Q: With the emergence of a new generation of healthcare ERP systems delivered in the cloud or software as a service (SaaS), what factors need to be considered when exploring the replacement of our current legacy, on-premise ERP systems(?)
Our market has already begun reviewing and reassessing their current ERP systems and is recognizing that the primary suppliers of ERP applications are promoting a move to their cloud versions. This has created increased demand for information and insight on whether it makes sense to look anew at the ERP market and the key requirements and/or pain points that need to be considered.
Further, what are the implications for cloud versions of these applications, both in terms of what value or benefit will be achieved and how our customers will experience and implement these new SaaS products? As important, change management and business transformation will be essential in any move to these new generation of ERP systems, as they will require adoption of cloud versions that eliminate customization and require greater acceptance of delivered functionality and workflows.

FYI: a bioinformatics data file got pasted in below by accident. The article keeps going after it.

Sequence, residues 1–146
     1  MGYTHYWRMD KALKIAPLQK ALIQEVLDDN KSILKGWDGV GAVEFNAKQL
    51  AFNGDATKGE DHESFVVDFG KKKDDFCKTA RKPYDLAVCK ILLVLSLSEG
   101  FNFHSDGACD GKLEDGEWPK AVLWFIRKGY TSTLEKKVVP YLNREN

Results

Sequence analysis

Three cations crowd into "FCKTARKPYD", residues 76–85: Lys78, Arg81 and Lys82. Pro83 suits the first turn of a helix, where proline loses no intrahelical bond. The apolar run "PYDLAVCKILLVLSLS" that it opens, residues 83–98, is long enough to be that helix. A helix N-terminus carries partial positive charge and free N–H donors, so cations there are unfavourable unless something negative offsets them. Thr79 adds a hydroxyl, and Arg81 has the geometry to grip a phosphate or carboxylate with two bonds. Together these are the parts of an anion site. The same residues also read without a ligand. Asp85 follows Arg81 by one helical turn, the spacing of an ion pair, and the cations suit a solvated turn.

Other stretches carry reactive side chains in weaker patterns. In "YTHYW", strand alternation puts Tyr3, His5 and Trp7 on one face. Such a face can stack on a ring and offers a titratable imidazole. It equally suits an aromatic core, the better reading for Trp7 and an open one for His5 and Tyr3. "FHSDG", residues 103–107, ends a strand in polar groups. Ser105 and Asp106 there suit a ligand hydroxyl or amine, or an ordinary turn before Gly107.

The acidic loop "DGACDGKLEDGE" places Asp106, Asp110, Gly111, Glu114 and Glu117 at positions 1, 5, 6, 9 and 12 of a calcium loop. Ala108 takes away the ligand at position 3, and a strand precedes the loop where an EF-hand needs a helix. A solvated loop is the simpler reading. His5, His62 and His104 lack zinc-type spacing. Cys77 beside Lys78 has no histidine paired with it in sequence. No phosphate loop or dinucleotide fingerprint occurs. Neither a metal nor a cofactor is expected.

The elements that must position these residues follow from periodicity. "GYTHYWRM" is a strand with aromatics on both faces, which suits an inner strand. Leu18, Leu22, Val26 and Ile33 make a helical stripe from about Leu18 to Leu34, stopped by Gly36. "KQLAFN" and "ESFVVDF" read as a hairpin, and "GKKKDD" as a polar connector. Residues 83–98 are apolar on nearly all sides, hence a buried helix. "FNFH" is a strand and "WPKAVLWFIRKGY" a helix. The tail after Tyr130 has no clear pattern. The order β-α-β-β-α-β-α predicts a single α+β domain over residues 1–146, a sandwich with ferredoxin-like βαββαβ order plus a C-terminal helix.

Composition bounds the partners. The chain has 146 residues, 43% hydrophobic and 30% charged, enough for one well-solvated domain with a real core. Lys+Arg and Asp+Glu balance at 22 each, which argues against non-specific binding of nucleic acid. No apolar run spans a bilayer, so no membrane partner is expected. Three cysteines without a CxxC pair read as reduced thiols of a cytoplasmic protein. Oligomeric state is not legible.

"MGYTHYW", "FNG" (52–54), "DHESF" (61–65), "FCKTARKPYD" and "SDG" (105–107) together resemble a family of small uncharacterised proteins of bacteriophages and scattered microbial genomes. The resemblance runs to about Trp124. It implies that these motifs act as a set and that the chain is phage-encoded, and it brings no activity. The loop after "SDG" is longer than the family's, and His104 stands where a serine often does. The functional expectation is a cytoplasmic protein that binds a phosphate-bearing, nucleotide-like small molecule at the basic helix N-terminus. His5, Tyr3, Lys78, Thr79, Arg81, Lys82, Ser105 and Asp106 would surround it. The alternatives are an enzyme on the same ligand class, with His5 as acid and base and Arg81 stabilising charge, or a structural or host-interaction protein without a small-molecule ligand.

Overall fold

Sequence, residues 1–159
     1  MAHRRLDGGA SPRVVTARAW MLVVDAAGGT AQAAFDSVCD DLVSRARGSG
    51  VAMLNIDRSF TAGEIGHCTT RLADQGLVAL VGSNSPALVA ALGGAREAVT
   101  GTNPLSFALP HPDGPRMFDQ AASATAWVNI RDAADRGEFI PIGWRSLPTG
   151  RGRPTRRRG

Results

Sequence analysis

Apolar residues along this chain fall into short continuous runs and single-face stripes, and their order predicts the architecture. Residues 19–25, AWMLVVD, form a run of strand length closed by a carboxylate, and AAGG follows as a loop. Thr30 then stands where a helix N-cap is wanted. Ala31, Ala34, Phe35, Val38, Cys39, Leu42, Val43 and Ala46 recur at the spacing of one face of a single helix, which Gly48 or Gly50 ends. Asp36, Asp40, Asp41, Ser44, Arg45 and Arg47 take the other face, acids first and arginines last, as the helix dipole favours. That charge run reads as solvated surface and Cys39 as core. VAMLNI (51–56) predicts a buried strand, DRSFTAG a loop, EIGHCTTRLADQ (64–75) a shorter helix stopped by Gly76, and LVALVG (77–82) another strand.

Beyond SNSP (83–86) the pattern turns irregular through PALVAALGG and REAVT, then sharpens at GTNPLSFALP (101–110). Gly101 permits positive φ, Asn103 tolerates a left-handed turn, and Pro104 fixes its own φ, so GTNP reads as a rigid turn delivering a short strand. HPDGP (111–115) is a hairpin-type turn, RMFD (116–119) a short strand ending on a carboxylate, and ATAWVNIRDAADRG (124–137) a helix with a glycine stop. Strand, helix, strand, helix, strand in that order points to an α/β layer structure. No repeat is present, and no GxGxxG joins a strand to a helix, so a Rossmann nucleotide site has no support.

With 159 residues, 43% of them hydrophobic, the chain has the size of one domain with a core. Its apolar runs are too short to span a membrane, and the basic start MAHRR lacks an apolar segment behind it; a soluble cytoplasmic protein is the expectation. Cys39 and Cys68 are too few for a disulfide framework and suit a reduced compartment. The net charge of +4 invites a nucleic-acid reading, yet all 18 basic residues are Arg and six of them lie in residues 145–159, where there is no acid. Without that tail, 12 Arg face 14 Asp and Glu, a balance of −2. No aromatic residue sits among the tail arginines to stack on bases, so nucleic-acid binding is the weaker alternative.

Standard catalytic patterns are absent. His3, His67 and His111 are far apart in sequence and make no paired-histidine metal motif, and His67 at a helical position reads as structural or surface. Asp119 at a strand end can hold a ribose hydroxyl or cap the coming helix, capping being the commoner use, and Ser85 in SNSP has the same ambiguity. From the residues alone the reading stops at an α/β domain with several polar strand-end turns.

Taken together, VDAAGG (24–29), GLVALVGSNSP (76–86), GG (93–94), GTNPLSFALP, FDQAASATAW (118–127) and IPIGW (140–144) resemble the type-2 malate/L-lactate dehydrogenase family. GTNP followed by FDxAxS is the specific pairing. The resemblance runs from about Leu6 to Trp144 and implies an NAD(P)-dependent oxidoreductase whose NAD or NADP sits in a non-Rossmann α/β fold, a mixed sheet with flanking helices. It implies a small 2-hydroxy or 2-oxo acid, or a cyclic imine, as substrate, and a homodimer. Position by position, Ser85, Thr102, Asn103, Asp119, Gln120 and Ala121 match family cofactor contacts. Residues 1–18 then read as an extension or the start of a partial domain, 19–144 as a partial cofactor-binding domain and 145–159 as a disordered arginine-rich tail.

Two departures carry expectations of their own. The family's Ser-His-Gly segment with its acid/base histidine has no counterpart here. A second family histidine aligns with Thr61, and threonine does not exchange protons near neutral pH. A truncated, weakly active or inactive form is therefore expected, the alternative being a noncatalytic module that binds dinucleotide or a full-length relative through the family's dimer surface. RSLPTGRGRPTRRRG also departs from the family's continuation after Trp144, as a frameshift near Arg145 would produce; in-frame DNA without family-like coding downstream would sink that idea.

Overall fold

As a result, ERP assessments are taking on greater importance with broad participation by such key business areas as human capital, supply chain, and finance, as well as executive involvement, especially when considering strategic objectives for the enterprise.
Key decision-making criteria should include system capabilities (including functionality and better-performing workflows), vendor partnership characteristics, and, of course, the total costs of ownership over at least a five-year period. And remember that the treatment of the investment is likely to be different for SaaS solutions, such as a move from capital to operating expense.
Response provided by Lydon Neumann, Vice President at Impact Advisors